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Rich interactions underpin customer interaction lifecycle

Rich interactions underpin customer interaction lifecycle
2011-06-152013-02-11collaborationen
Until recently the customer relationship lifecycle was extremely simply. Companies simply advertised in a magazine or on TV, customers came to their shop or called their call centre and bought their product. Now, the lifecycle has become continual and multi-layered. At Orange Business Live...
Published June 15, 2011 by Stewart Baines in collaboration

Another update from Orange Business Live in Munich, here's a report from my colleague George Malim.....

Until recently the customer relationship lifecycle was extremely simply. Companies simply advertised in a magazine or on TV, customers came to their shop or called their call centre and bought their product. Now, the lifecycle has become continual and multi-layered. At Orange Business Live 2011, Orange’s Dan da Costa demonstrated a scenario involving car hire to illustrate the extremes to which the customer care lifecycle has developed.

The demo scenario started in da Costa’s Atlanta home where he surfed the web looking for information about travelling to Munich to event. A contextualised advertisement put the idea of car hire in his head and offered the possibility of special deals on car rental for one hour. He then thought nothing more until arriving in Munich and seeing a hire car from the same company parked in a street.

That reminded him of his interest and he scanned the 2D barcode on the car. That initiated a text-based customer interaction. That asked him if he wanted to rent the car he saw. He didn’t, it was a base model Fiat and the application offered him other vehicles he chose one and at that stage decided he needed to interact with a human. Signifcantly, da Costa pointed out that most people like to deal with a person at some stage of a transaction, the clever thing is knowing when to introduce the agent in the process. “You don’t need to delight customers,” he said. “The process just needs to be efficient.”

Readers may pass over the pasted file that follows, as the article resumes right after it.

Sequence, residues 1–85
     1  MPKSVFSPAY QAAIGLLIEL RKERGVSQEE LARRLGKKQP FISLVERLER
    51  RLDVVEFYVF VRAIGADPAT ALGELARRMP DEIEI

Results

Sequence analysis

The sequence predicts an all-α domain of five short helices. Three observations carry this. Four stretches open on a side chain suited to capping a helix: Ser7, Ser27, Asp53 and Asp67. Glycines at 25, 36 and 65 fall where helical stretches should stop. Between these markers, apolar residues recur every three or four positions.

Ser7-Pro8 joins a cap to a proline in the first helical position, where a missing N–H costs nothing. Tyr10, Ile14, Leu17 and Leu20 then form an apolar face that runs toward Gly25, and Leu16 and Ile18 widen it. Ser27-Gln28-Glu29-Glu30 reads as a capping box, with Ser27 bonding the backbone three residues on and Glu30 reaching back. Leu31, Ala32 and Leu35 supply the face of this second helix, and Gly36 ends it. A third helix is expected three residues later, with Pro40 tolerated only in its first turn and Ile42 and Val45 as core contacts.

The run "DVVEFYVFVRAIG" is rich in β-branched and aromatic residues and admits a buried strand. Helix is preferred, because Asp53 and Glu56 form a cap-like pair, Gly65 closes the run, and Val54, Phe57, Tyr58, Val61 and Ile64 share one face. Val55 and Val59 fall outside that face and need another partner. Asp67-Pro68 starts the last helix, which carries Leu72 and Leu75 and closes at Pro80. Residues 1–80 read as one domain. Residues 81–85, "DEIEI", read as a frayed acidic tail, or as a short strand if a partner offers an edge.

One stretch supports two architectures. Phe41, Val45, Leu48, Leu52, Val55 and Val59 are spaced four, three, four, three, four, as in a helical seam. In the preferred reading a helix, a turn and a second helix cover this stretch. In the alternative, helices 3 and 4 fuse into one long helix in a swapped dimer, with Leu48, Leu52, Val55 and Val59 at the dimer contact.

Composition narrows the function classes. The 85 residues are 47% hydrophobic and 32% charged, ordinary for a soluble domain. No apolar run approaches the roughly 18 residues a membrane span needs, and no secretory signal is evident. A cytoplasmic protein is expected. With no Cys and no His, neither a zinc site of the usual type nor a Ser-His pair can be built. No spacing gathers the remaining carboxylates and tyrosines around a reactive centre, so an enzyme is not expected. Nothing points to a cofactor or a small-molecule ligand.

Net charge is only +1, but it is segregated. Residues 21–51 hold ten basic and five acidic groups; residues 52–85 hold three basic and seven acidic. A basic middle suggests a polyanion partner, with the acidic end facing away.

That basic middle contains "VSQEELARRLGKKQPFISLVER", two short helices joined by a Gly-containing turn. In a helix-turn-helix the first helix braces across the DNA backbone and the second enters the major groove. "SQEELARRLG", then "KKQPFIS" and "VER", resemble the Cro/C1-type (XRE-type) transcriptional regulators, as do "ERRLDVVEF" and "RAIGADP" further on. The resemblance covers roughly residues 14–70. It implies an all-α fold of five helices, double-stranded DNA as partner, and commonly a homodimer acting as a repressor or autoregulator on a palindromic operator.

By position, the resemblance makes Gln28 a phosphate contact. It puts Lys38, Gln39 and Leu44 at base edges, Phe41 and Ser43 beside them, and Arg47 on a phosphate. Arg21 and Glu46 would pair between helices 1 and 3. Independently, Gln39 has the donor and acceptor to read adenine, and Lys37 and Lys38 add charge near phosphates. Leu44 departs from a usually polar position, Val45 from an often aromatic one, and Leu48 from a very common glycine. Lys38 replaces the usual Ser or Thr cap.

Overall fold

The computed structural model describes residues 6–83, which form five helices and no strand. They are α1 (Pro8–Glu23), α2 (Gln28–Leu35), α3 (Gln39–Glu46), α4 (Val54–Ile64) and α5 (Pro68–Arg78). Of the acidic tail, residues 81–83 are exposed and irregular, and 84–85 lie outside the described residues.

Following running through the options, da Costa selected a vehicle and was sent location details to collect it and a GPS map from his current location. On arrival at the rental vehicle he scanned another 2D tag which then entered him into another text-based interaction to authorise the use of eCertified documents previously loaded to the system. In this case those are identification, credit card and driving licence. The vehicle is then automatedly unlocked and used by the hirer. Following use the hirer can pay for the car using NFC.

Importantly the process doesn’t end there. On his return home, da Costa will blog on a social networking site and the hire car company will notice this and say thanks and offer a coupon code for a discount on a future rental.

“The experience is now very rich,” he said. “The relationships are getting more complicated.”

In the hire car demo 18 different technologies were involved from 2D tags to social media monitoring. The process is also far more precise and beats advertising on a billboard and hoping for the best.

 

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